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Cellphones Government The Almighty Buck United States

Taxes On Cell Phones Hit All-Time High 171

Posted by timothy
from the what-the-tax-market-will-bear dept.
adeelarshad82 writes "As a breakdown of the top ten states with the highest and lowest taxes shows, the wireless consumers in Nebraska, Washington, and New York pay more than 20 percent of their wireless bills in taxes and fees, mostly due to the proliferation of archaic or duplicated surcharges. Experts from KSE Partners spent five years monitoring the federal, state, and local taxes imposed on wireless consumers. According to their analysis, wireless taxes grew three times faster than the retail sales rate between 2007 and 2010. The reason behind this is that legislators and Congressmen are targeting the wireless industry for tax money to relieve the burden from more recession-starved industries. In fact, a few states even tax wireless consumers for non wireless-related projects; for instance, Utah funds its poison-control centers with a poison-control surcharge found on wireless bills, and in 2009 Wisconsin imposed a police and fire protection fee to subsidize local departments."
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Taxes On Cell Phones Hit All-Time High

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  • by Anonymous Coward on Tuesday February 15, 2011 @08:39PM (#35216550)

    So wait, emergency services that need to spend extra money for equipment and procedures to locate mobile callers (instead of much simpler land-line callers) are completely unrelated to cell phones?

    • I agree, they are not "unrelated."

      But those services can be used by more than just people who are using phones. In fact, the person using the phone may even be calling for someone else. It makes no sense to put a tax on phone service, wired or wireless, for the purpose of funding a service that serves more than those who have phones.

      I would think a service that basically is supposed to serve everyone ought to be a tax levied on everyone...

      But I suppose that makes too much sense :)

    • by Firehed (942385)

      The 911 dispatchers require additional equipment, not the police and fire departments mentioned in the summary. They just go wherever the dispatcher says to go.

    • I can see that, but that doesn't explain charging cell phone users for the poison control centers.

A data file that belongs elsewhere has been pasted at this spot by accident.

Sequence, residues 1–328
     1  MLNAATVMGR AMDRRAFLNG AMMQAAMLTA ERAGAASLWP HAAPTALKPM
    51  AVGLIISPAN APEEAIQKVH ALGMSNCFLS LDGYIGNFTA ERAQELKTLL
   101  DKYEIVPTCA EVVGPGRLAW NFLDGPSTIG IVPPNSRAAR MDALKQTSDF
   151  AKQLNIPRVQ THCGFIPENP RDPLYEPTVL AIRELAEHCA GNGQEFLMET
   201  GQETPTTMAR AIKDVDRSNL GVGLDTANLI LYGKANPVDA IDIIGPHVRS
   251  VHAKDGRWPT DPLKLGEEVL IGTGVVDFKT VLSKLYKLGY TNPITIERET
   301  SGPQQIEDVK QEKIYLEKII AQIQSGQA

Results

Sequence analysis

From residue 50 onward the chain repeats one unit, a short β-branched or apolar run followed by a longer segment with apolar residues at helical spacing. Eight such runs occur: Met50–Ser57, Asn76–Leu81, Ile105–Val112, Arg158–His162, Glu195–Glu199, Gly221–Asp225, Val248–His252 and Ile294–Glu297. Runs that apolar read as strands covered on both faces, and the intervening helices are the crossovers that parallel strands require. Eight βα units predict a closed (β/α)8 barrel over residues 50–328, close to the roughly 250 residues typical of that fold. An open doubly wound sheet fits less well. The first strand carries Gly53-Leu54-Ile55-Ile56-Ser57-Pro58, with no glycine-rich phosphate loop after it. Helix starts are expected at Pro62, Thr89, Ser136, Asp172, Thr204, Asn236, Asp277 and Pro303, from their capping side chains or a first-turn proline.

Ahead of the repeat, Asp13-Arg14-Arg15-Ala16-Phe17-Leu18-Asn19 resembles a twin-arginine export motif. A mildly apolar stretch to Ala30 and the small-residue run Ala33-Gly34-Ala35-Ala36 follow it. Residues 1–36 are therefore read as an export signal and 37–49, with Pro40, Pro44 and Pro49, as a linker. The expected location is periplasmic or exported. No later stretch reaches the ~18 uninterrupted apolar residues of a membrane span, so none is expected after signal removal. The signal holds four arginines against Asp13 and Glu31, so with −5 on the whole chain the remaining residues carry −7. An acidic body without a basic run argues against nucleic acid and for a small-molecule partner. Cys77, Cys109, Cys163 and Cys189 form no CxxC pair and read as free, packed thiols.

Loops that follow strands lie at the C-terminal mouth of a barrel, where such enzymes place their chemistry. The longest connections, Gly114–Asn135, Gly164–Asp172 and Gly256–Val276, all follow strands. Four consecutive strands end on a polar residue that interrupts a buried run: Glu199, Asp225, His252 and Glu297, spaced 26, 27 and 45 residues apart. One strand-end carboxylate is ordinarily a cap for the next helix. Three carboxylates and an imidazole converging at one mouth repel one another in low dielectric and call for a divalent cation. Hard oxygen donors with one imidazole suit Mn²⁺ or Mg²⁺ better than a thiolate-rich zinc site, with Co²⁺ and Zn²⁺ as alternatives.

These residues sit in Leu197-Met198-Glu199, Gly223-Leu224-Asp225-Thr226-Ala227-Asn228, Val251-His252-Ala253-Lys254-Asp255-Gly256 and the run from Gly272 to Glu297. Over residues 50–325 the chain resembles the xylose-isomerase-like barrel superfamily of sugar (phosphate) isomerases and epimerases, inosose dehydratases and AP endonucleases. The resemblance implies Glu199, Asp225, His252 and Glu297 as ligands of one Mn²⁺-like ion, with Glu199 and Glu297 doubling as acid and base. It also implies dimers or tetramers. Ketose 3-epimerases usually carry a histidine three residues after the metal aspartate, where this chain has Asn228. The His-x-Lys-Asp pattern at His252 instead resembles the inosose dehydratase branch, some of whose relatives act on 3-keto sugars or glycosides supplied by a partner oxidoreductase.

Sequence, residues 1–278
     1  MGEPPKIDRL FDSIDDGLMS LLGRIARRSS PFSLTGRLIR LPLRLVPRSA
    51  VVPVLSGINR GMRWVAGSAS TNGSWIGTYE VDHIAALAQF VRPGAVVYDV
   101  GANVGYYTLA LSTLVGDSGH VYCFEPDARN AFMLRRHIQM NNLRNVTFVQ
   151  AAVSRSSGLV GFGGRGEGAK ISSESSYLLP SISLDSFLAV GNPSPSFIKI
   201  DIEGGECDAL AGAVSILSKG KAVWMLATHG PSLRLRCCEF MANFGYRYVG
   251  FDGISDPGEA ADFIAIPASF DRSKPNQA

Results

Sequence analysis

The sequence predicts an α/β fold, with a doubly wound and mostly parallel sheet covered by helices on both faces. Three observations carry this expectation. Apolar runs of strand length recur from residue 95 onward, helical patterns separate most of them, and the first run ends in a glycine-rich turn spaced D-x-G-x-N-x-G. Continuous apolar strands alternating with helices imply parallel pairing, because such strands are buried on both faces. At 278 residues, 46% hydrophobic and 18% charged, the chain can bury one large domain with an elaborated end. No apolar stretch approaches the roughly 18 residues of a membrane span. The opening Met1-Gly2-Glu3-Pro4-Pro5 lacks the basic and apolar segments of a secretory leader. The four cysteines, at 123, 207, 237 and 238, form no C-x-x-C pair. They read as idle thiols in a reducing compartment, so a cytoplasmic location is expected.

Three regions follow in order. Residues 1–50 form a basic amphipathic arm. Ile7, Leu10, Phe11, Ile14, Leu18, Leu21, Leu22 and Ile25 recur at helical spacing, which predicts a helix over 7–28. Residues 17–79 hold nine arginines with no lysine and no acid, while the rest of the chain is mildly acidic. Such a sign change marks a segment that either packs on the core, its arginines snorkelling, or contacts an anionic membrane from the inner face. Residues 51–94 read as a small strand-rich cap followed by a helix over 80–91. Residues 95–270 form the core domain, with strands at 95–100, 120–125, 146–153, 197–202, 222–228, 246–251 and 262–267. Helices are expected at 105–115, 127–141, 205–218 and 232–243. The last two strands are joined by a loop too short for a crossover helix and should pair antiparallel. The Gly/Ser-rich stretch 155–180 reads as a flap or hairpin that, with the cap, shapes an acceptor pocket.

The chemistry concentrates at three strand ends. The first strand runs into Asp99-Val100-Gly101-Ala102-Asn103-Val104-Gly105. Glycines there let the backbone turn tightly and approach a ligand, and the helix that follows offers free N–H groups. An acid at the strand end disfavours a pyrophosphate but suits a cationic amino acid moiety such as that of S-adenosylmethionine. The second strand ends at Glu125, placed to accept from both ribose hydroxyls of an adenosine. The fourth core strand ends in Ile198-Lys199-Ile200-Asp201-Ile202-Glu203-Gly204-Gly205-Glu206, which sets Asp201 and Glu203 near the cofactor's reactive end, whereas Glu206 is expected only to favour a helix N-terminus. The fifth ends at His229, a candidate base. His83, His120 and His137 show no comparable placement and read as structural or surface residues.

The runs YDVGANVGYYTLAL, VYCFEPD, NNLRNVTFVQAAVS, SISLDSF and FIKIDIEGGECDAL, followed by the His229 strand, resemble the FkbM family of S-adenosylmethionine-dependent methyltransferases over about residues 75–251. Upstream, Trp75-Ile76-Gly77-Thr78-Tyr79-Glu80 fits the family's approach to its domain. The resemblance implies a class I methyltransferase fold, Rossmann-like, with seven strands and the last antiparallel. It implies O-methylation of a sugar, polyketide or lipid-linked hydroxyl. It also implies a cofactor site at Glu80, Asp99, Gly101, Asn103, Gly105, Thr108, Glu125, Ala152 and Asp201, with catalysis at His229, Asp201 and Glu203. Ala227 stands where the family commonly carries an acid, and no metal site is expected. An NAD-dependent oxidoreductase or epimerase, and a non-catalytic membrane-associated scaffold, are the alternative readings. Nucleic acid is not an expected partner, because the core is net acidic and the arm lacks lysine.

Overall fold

• I can see that, but that doesn't explain charging cell phone users for the poison control centers.

        Haven't you heard? Cellphones are poisoning our minds ... and our society.

      • by PopeRatzo (965947) * on Tuesday February 15, 2011 @09:34PM (#35216976) Homepage Journal

        I can see that, but that doesn't explain charging cell phone users for the poison control centers.

        Why should taxes only apply to the item/product/service being taxed? Why shouldn't a tax on gasoline go to research into the electric grid, for example? Why shouldn't a tax on luxury yachts go toward education?

        I understand that there's a certain clarity when a tax on cigarettes goes toward providing research into lung cancer, but revenue is revenue. We've got municipalities and counties and states that are experiencing severe revenue shortfalls because of the economy. That money has to come from somewhere.

        I'm not saying I like the wireless taxes being piled on because it's easier than closing tax loopholes for investment bankers, but the notion that all tax money has to go directly to an expenditure directly related to the tax itself seems simplistic.

        Remember, the reason our tax code is tens of thousands of pages is not because it contains so many different taxes, but because it contains so many tax loopholes for special interest groups. Years ago I used to work for CCH, the company that publishes the tax code (like Westlaw, except just for tax law) and worked on tax preparation and compliance software (I wrote the manuals - I am not a programmer). Like most people, I thought all those huge books were full of ways for the government to collect money. Instead, I learned, they're full of ways that certain people can avoid having to pay taxes. It follows that the reason we can never get tax simplification laws passed is because rich and powerful fuckers don't want to have to pay their way.